It's currently estimated that at least 24 people have died, with some estimates closer to 30 deaths overall, including both civilians and police officers. Human rights groups have also claimed that at least 800 people have been injured in the confrontations.
But what has caused this escalation?
The protests started over a week ago in response to President Ivan Duque’s tax reform plan, which the government insisted was "vital" to stabilize Colombia’s finances.
The plan included new or expanded taxes on citizens and business owners, as well as the leveling of sales tax on utilities and some food, according to Al Jazeera.
Working-class Colombians immediately rejected the reforms as too much for a people already struggling under the downturn caused by coronavirus lockdowns. The plan also reduced or outright removed some tax exemptions for businesses, such as those on product sales.
Trade unions called for a national strike in response to the law, leading to widespread protests. In the face of opposition from the people, as well as from some members within his own party, Duque asked his Congress to "withdraw the law" and "urgently process a new law," according to reports.
Finance Minister Alberto Carrasquilla then submitted his resignation on Monday evening following a day of meetings with Duque.
Carrasquilla told Reuters that his resignation was necessary in order for the government to receive a "quick and defective construction of the necessary consensus."
The protests, however, had already started to get out of hand: Courts ordered them postponed, citing COVID-19 concerns as cases spiked in the country.
Police attempted to disperse the protesters, deploying tear gas and trying to forcefully break up the crowds, the BBC reported. Police reportedly made more than 400 arrests nationwide, claiming that protestors set 20 busses on fire, looted dozens of businesses and vandalized hundreds more.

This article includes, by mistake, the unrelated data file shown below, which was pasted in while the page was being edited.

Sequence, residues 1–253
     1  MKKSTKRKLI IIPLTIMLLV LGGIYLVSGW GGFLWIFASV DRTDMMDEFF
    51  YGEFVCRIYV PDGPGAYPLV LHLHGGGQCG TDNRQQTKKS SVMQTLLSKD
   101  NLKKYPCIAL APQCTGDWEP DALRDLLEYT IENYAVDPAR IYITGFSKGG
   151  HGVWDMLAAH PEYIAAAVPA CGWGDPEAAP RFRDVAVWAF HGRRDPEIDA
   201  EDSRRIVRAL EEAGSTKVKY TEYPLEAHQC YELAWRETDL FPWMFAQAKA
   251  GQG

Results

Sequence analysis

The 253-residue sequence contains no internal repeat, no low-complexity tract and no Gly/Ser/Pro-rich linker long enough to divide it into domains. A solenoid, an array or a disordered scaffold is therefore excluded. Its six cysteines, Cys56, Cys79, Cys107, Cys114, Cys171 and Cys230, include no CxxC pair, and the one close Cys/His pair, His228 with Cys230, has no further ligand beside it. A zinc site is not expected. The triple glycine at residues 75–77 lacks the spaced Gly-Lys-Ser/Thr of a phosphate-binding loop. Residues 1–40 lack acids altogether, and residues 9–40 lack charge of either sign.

The violent clashes soon led to deaths, with six people dying within the first few days of protests; that number had risen to at least 17 dead after a week – 16 civilians and one police officer, according to Reuters. That number continued to climb, with some estimates saying as many as 30 people have died.
The protesters have since pivoted their focus from protesting the tax reforms to protesting the "unnecessary" reaction by the police.
Protestors have demanded that the state disband the Escuadrón Móvil Antidisturbios (ESMAD) riot police, which Duque has regularly utilized to repress any large protests or demonstrations against his administration.
Public approval of the police plummeted to 48% last year after seeing highs over 70% just 20 years ago, according to The Washington Post.
The force has seen more than 1,400 officers dismissed and at least one commander resign in recent years, following a series of human rights and corruption allegations, according to reports.
The most recent night or protests saw more than two dozen police stations in Bogota attacked, with at least three outright destroyed.
Mayors from the various major cities have expressed shock at the actions, with Bogota Mayor Claudia Lopez calling the violence "unbelievable."